Padre Island is the largest barrier island off the coast of Texas and the world’s longest stretch of undeveloped barrier island. It is also one of America’s beautifully preserved nature sanctuaries. Several thousand years old, Padre Island is relatively young. It plays the crucial role of keeping coastal storms away from the other 300 islands in the area-- even if this makes the less-than-2-mile wide island erode quicker than its neighbors. Nevertheless, this does not stop its colorful ecosystem from thriving.
Padre Island. Photo by National Park Service.
In the interest of preserving Padre’s wildlife, seventy miles of the island is designated as the Padre Island National Seashore, and it is deliberately underdeveloped and sparsely populated. A visit offers boardwalk trail views of coastal prairies, dune fields, lagoons and tidal flats. Primitive camping is available.
A roseate spoonbill on Padre Island. Photo by NPS.The island is midway on a number of migratory bird routes, and many species of birds stop through at different points during the year. About 380 species of birds have been documented within the park. Much of the island is a common nesting area and measures are taken to make sure the creatures can breed undisturbed: Planes are forbidden from landing in certain areas, and flashing signs warn hikers to stay away from the pelican majority. For birdwatchers, however, there is a five-story tower overlooking common nesting areas.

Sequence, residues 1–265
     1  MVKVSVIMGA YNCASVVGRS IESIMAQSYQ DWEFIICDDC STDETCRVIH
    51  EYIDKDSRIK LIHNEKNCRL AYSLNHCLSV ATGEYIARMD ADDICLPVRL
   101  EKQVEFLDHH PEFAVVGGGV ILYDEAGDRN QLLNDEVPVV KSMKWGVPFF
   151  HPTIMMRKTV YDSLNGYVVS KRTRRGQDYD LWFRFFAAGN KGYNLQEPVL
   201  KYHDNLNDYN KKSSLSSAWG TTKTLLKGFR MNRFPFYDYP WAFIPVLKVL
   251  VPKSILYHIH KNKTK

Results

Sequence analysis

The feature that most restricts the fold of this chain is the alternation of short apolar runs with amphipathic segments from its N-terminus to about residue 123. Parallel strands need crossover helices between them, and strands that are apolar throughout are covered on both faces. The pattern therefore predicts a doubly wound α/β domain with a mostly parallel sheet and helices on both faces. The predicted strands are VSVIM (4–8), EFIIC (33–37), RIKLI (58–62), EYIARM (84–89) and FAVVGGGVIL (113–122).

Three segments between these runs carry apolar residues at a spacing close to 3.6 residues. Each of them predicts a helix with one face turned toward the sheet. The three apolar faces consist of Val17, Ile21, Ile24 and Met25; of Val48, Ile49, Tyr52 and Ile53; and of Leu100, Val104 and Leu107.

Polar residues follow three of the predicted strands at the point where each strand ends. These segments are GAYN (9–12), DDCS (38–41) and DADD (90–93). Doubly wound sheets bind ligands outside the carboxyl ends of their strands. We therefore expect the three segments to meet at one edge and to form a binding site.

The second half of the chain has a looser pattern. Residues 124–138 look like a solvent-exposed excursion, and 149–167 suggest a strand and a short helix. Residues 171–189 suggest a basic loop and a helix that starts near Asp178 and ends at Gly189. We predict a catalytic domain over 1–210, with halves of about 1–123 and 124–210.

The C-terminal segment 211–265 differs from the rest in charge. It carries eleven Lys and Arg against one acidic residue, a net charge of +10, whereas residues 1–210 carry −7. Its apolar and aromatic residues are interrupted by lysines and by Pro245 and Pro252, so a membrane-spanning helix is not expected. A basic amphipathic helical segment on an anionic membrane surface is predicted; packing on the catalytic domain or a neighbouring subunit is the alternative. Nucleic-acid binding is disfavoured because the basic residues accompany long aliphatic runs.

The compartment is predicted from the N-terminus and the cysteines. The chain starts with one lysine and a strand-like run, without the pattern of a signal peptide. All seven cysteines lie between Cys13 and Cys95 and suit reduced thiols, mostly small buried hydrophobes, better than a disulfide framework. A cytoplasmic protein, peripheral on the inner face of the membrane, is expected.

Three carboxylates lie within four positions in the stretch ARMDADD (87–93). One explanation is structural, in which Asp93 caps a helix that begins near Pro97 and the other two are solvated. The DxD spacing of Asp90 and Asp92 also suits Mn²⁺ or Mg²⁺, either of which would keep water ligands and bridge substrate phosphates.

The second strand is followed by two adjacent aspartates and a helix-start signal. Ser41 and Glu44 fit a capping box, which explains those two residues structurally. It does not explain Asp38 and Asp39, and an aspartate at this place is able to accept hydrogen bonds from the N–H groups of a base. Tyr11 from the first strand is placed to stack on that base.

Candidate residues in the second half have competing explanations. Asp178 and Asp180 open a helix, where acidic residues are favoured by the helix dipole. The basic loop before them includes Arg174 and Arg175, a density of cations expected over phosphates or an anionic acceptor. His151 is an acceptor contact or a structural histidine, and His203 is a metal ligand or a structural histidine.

The island’s white-sanded beaches are nesting grounds for the endangered Kemp’s Ridley turtle. These reptiles spend most of their lives at sea, but visitors sometimes catch sight of them on local dolphin tours. For general nature enthusiasts, designated trails go through Padre’s lush scenery. In fact, 20 minutes from the inhabited region is Laguna Atascona National Park: 45,000 acres of habitat for coyotes, wildcats, alligators and 400 species of birds. Authorities on the island go out of their way to let its original inhabitants be. As a result, it is one of the only places where tropical birds are seen all year-round. The bottleneck dolphin population is also booming, making viewing tours one of the most successful businesses on the island.
A Kemp's Ridley turtle returning to the sea after laying eggs on Padre Island. Photo by NPS.
These parts may be a naturalist’s dream, but they also offer a local city and resort. The Southern part of the island (the island is now dissected by a ship channel) regularly lights up with music and nightclubs. Visitors will find an array of options, from international surfing celebrations to local storytelling events. Some areas even allow fishing, and the right restaurant will cook your catch just the way you like it. There may be a steady population of 5000, but over a million people stop through every year.
Whether you are looking for a clean-aired hike or a beach to retire on, Padre Island will not disappoint. It is, without question, one of the Gulf of Mexico’s true gems.
Jacob Dilson was GRN's Media and Communications Intern during summer of 2012.